A few years ago I was a guest at a Hindu wedding. I had many experiences that day which were utterly new. I loved it.
One thing will live long with me. A moment during the reception. Not the finest vegetarian curry I have eaten. Not the colourful table settings. No. It was that the three oldest women in the room were mentioned by name and stood to receive acknowledgement. It was lovely. The families had gathered from all over the world. It was clear that it might be the last chance to meet some, or all, of these women. The applause was simply for longevity. I liked the sense of respect that suggested. As we've heard. Some of our great grandmothers were war heroes.
Having faced the decision of arranging my own mother's residential care recently I am very aware of the hardship of finding the right place. I also have the greatest respect for those who keep elderly, or sick children, loved ones close by, in the family, until it is no longer safe.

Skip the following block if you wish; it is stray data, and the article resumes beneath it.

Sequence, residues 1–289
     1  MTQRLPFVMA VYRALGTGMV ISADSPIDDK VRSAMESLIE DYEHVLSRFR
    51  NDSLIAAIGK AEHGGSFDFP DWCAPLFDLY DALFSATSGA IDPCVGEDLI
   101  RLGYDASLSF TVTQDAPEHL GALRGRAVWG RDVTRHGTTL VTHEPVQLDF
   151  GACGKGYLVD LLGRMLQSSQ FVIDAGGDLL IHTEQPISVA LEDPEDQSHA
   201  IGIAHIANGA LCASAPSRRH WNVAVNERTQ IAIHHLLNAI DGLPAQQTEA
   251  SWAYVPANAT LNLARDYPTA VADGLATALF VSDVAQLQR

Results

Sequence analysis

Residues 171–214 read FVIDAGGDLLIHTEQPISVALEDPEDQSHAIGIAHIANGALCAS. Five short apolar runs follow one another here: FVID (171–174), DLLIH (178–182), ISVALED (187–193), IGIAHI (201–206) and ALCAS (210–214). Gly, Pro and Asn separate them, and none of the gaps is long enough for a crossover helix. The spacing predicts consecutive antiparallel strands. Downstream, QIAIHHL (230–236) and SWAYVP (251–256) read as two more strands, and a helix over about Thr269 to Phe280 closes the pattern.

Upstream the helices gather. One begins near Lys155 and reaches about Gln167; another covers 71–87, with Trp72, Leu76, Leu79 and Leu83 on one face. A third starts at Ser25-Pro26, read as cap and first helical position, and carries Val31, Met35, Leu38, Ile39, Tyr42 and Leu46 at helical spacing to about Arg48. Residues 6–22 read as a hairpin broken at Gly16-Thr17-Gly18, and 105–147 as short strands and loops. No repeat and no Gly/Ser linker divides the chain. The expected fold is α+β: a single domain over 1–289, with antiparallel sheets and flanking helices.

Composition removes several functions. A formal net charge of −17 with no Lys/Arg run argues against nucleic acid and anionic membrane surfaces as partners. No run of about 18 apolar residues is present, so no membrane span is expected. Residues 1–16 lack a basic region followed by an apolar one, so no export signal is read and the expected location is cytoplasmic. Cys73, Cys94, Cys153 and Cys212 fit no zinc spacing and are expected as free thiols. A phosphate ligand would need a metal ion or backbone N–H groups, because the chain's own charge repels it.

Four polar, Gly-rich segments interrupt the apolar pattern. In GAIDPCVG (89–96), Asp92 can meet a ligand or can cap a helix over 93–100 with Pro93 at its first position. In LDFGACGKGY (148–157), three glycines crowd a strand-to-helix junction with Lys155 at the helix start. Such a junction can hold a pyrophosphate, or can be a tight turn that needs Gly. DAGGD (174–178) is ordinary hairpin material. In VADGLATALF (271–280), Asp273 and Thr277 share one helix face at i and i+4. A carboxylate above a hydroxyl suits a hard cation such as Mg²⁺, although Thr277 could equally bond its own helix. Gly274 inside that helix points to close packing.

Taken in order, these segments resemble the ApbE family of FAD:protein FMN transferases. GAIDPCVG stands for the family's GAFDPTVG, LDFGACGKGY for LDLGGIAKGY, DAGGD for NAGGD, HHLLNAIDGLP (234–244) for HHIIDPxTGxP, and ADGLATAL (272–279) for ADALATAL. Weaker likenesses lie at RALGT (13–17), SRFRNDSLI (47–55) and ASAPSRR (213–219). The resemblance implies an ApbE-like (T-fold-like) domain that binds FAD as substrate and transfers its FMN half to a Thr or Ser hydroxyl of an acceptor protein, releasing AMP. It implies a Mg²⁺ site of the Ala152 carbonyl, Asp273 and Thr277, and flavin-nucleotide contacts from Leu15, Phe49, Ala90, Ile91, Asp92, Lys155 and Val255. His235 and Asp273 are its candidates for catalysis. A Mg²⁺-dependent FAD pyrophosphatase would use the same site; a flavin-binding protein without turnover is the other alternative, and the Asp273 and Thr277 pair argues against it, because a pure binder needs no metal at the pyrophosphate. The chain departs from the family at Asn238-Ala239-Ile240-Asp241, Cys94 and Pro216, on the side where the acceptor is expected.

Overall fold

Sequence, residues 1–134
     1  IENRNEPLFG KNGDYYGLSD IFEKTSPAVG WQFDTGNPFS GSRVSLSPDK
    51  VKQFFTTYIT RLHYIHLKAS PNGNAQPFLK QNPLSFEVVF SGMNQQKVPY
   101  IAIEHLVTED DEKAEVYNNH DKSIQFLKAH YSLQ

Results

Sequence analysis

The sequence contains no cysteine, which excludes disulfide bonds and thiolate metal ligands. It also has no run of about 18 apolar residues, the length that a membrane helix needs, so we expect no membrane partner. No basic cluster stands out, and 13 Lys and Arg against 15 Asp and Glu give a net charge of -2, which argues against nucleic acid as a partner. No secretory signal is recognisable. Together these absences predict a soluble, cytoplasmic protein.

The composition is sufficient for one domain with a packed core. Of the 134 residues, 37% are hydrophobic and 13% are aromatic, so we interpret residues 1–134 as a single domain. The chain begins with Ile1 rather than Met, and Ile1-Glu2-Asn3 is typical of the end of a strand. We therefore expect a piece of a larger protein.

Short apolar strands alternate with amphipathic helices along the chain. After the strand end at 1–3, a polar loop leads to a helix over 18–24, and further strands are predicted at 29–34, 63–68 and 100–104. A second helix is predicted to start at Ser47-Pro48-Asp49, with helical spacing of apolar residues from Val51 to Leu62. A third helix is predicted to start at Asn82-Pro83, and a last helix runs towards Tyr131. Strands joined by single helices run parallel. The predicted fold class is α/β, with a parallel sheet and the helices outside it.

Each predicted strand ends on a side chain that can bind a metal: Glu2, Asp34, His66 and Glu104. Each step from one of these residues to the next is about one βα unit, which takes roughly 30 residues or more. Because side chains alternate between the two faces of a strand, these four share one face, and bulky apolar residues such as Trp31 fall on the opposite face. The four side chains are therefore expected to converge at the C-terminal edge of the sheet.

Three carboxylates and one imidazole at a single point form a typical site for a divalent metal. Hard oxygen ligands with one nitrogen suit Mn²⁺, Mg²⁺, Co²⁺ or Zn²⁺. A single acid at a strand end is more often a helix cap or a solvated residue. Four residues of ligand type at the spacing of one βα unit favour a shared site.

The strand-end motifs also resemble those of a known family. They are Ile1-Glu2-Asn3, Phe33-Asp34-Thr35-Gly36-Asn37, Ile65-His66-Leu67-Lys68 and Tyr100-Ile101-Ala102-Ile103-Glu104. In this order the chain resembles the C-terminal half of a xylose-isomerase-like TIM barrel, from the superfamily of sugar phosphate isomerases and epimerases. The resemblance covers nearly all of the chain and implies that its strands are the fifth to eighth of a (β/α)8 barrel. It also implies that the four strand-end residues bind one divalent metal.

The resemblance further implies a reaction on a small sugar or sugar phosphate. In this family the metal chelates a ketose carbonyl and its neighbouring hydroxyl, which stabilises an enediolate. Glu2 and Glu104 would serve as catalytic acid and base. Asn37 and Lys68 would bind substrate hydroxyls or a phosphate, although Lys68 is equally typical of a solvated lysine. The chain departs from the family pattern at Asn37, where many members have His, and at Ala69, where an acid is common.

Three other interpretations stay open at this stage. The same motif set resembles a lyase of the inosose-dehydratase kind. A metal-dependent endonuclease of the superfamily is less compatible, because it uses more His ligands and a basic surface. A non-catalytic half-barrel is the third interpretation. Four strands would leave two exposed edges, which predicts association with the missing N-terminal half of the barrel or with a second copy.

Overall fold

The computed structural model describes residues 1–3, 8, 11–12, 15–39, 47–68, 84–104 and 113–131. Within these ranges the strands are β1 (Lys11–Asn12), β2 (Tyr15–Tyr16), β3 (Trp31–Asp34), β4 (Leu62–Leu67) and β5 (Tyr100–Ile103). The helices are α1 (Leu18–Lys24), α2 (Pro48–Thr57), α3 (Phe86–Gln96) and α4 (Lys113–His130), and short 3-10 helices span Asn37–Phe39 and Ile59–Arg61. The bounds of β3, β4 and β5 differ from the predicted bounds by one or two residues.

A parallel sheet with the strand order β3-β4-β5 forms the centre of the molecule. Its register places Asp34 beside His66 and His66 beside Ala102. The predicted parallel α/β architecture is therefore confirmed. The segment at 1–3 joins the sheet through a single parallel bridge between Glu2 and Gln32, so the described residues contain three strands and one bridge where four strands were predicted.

So respite help is fabulous. A chance to take a break from being a full-time carer. Yet we hear that the provision of such care varies around the region. It's a problem. We want decisions taken as locally as possible but we don't want a postcode lottery on health matters. We can have clone towns or specialisation. But probably not both. Which do we want?
The great prophet and king, Solomon, was praised for asking God for a double portion of wisdom. We too pray for wisdom.
Also in the Hebrew Bible, the Christian Old Testament, it says that 'Grey hair is a crown of splendour; a sign of a righteous life.' Mine's taking a while to change.